momentum across the media, in protest, and online. I am a signatory for a few reasons: the illegality of grouse moor practice, wider environmental impacts such as burning, the lack of harriers and the creation of a heather monoculture in place of varied upland habitat. I don’t agree that moors are fundamentally ‘bad’ for wildlife. Unfashionable as it may be to say, they have an excellent track record with Merlins, are generally amenable to Short-eared Owls and encourage high wader productivity – they form landscape level refuges for red-list species; and I have no objection to Fox removal. Ironically, this would benefit harriers too: we must always prioritise vanishing populations, such as upland waders or raptors, over common generalists we can find in most city or town gardens. So, would the birding landscape be better if we banned driven shooting? Dr Mark Avery argues convincingly that driven grouse shooting will be banned in 10 years’ time. Let’s assume he’s right. With driven grouse shooting banned, will the harrier – and its wider ecosystem – be better off? On the day driven grouse shooting is banned, grouse moor owners find themselves considerably poorer – and more hateful of harriers than even before. For more than two decades, harriers have become the symbol of a Green Movement that has just divested grouse moor owners of millions in revenue. The financial incentive to kill harriers has been removed, that’s all. The ideology of hatred remains. The gamekeepers remain. The 200-year contempt of harriers remains. Almost everything remains the same. The landowners now face two options – keep the land, or sell. The ‘current ownership’ option is unlikely to benefit harriers for the reasons above. Slightly poorer but still wealthy, large landowners retain Hen Harriers favour rough grassland over heather moors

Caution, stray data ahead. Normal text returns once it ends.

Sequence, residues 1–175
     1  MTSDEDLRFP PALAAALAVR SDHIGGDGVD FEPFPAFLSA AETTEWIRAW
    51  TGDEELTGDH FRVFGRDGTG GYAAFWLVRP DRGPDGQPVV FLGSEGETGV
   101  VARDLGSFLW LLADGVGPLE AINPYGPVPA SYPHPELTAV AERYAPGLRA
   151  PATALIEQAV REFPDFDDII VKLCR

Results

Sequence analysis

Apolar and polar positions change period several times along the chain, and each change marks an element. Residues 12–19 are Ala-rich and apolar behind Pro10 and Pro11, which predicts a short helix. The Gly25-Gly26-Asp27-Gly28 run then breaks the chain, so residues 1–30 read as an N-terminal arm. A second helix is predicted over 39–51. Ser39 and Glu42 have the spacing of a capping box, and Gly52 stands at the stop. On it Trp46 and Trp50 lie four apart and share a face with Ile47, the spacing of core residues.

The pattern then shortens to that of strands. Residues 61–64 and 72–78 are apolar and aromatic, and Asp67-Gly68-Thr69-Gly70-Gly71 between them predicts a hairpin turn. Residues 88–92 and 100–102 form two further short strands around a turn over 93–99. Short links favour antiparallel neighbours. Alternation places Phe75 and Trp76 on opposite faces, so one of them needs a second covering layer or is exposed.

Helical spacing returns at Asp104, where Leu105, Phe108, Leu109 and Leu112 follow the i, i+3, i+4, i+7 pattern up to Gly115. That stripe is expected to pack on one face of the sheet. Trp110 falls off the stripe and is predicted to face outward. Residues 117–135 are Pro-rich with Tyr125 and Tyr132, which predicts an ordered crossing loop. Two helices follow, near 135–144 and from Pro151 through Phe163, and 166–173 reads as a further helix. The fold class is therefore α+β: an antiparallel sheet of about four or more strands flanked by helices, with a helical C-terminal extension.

INNOCENT ‘CULPRIT’ The native Red Grouse is nurtured to be shot for profit Hen Harrier Day takes place on 7 August 2016. Visit henharrierday.org enough keepers to snuff out these graceful symbols of the conservation movement with more hate than ever before. Life goes on unchanged. ‘Walk-in’ shooting becomes monetised and more of an intensive industry. More people walk across the moor, more grouse are shot on foot, more grouse are needed: harriers lose. As long as harriers remain the hostage of those who despise them, they stand no viable chance of survival. The ‘panic and sell’ option is the alternative. Divested of millions, landowners look for a rich buyer. Step forward a range of unexciting possibilities – big agriculture or big energy. What happens to the grouse moor? It disappears! If the grouse moor owners keep the land, the harrier has lost. But if they sell to most parties – the overall quality of the land degrades, not just for harriers but 70% of our nesting Merlins, many waders, some Black Grouse and moorland passerines. There is only one buyer that will redeem this situation: us. Crowd-funding and larger scale philanthropy are the obvious solutions. If this can buy enough land to prove that conservation of the uplands is financially viable, government and business may, in time, provide the rest. For now, we must become unapologetically rich and make sure our approach to the harrier is not ideological but pragmatic. One thought to finish on. At a fundamental psychological level, hunting is hard-wired into the modern human genome. We hunt with cameras and binoculars, others with guns and dogs. However we dress it up, however destructive or curious, we all go hunting. The only solution is to own enough land to redress the odds. In 50 years’ time, we must ensure that in the Hunt for the Harrier, it’s worth more alive than dead.
59 pairs in Northern Ireland, 57 pairs in Wales, 29 on the Isle of Man but just 12 in England